In a Pear Tree
Nutrition Blog

In a Pear Tree

Pears have a long history as part of many traditions. Pear trees live a long time, representing immortality in ancient China. Longevity, wisdom, health, many amazing characteristics have been linked to pears. Today they are often part of festive fruit baskets, and the autumn, winter transition is an excellent time to include pears in your diet.

A medium to large pear has a whopping 6 grams of fiber, providing over a quarter of the amount some people should aim for each day. The Institute of Medicine of the National Academies recommends a range of 21-38g a day depending on your age to decrease risks for everything from diverticulitis to heart disease and diabetes.

Besides that fiber gold, pears include an average of about 10% of daily recommendations for Vitamin C and potassium, along with small amounts of calcium, iron, magnesium and a variety of B vitamins. When you choose a red-skinned pear, such as a Red Bartlett, Red d’Anjou or Starkrimson, you get the added benefit of the anti-oxidants associated with red and purple-skinned fruit. However you choose to enjoy them, pears are a healthy, low calorie, plant food powerhouse. Consider eating a pear whole as a snack or chopping a raw pear up into oatmeal or a salad. Cooking pears is another great way to enjoy them and makes a simple, healthy dessert.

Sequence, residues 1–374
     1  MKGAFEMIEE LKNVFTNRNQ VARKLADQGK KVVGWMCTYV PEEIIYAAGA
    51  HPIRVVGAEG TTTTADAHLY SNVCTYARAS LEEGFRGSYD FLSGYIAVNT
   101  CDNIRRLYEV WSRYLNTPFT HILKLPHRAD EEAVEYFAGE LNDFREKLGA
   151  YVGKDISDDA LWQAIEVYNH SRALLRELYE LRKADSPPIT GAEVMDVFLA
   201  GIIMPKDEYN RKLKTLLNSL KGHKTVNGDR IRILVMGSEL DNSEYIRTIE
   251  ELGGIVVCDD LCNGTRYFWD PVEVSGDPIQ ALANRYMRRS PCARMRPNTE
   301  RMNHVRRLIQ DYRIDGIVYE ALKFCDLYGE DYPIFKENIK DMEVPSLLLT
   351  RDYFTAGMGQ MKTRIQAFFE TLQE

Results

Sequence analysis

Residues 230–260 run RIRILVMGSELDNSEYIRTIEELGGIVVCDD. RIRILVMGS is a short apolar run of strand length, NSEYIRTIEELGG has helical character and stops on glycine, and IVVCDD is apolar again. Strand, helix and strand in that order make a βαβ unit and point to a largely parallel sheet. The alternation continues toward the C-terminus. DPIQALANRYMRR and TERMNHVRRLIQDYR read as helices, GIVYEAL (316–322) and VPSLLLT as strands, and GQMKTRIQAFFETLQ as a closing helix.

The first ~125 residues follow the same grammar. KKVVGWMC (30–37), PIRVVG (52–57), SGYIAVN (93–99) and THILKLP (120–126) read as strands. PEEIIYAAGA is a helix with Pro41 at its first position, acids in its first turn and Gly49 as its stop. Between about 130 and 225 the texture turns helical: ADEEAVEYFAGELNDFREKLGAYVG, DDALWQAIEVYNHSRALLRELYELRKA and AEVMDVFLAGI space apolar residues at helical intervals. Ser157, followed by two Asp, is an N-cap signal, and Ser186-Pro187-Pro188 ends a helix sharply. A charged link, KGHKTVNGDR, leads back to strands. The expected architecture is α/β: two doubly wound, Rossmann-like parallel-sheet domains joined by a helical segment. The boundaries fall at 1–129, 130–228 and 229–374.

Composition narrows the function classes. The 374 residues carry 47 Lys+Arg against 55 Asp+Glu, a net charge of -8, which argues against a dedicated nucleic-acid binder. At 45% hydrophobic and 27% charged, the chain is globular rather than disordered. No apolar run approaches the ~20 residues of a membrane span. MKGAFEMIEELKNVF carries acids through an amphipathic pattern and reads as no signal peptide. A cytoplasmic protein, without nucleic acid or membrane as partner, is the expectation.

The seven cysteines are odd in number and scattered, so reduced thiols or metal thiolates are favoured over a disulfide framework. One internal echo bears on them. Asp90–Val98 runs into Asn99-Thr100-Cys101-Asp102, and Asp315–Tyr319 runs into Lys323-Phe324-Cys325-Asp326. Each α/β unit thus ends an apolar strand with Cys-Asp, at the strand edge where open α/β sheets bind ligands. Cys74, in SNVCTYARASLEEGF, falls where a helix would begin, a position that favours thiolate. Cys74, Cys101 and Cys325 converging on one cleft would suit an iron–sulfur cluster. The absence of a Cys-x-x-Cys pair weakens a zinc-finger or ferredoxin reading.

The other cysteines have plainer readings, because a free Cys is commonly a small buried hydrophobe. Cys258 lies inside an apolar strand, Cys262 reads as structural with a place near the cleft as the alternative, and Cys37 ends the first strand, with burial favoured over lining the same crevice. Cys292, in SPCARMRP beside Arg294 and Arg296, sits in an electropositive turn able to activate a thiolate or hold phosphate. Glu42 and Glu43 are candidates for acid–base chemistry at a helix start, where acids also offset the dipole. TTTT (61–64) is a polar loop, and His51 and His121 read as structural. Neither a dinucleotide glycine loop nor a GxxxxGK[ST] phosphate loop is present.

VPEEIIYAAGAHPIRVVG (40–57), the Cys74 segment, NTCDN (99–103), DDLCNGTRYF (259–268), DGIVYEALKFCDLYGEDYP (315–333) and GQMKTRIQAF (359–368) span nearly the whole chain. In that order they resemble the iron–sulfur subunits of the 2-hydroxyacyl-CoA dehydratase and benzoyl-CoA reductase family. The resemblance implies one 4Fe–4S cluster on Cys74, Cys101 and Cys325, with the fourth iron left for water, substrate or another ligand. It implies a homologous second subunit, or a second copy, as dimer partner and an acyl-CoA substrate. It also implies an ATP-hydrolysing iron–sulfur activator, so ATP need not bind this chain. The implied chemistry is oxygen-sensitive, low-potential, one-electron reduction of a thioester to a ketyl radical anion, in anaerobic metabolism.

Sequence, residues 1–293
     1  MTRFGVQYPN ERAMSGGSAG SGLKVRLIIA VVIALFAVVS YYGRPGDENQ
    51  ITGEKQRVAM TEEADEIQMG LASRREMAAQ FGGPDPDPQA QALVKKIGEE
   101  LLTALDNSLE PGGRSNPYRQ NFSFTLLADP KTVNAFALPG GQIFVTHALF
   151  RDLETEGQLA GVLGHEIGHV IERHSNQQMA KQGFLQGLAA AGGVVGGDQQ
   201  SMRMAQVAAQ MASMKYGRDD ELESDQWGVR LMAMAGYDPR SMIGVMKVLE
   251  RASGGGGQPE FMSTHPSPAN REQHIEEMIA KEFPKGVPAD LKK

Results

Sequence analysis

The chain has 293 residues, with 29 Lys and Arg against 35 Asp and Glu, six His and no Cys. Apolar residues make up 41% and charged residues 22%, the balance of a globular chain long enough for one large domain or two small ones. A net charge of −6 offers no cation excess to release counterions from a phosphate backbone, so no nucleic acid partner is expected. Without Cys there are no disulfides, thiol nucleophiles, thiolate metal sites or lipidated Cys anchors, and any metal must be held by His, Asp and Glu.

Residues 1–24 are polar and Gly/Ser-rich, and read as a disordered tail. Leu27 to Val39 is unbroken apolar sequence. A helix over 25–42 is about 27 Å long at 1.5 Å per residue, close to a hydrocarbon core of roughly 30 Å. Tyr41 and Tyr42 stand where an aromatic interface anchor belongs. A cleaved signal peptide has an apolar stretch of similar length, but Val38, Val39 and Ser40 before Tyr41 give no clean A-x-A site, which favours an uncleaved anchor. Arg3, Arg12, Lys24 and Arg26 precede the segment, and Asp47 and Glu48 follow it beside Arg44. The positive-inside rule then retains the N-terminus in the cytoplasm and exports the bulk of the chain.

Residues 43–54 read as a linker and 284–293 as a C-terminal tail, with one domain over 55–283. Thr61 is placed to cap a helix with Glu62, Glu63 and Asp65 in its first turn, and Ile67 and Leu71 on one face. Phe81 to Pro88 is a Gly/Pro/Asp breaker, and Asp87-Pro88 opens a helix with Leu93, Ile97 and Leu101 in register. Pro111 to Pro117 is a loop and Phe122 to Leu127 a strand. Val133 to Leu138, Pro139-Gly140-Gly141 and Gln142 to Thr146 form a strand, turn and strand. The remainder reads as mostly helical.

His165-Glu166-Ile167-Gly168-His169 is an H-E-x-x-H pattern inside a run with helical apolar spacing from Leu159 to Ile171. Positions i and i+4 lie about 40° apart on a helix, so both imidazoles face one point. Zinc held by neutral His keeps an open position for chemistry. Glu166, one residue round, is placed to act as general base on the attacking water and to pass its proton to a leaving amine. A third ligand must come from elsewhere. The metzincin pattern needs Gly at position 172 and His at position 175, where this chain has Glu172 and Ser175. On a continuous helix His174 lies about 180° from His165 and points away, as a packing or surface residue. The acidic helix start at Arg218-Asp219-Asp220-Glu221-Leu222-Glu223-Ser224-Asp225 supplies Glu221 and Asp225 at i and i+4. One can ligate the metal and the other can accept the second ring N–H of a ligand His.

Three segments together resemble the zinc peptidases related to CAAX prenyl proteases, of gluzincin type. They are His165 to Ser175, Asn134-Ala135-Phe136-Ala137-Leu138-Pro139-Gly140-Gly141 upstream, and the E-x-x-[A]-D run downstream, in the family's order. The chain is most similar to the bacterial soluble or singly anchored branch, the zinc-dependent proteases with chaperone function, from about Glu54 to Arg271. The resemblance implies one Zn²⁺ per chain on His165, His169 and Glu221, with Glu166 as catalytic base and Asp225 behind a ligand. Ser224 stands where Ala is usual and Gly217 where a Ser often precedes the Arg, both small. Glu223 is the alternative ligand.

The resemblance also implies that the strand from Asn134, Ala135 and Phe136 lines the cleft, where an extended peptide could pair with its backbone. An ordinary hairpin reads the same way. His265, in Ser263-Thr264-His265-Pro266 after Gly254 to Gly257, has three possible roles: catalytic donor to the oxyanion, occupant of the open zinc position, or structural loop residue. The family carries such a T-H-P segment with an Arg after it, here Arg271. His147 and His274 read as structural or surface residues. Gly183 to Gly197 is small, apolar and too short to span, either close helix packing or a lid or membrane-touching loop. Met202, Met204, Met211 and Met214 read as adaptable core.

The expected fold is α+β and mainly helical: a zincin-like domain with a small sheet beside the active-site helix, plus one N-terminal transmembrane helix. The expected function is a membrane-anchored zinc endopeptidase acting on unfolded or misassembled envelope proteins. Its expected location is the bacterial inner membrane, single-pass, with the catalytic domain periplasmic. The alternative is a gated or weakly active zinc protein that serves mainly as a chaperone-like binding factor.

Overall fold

Cooked Spiced Pears


  • 2 pears- Bosc, or any variety will work, they just can’t be overripe
  • Juice from one lemon
  • 1 tablespoon sugar
  • 1 teaspoon ground cinnamon
  • ½ teaspoon ground clove


  1. Heat the oven to 350.
  2. Peel off ½ of the pear skin and cut in half.
  3. Toss pears in mixture of fresh lemon juice, sugar, cinnamon and clove.
  4. Place pears cut side down on parchment lined cookie sheet and bake for approximately 15-20 minutes depending on the ripeness of the pears.
  5. Remove from oven, allow to cool, cut out pear cores, and enjoy.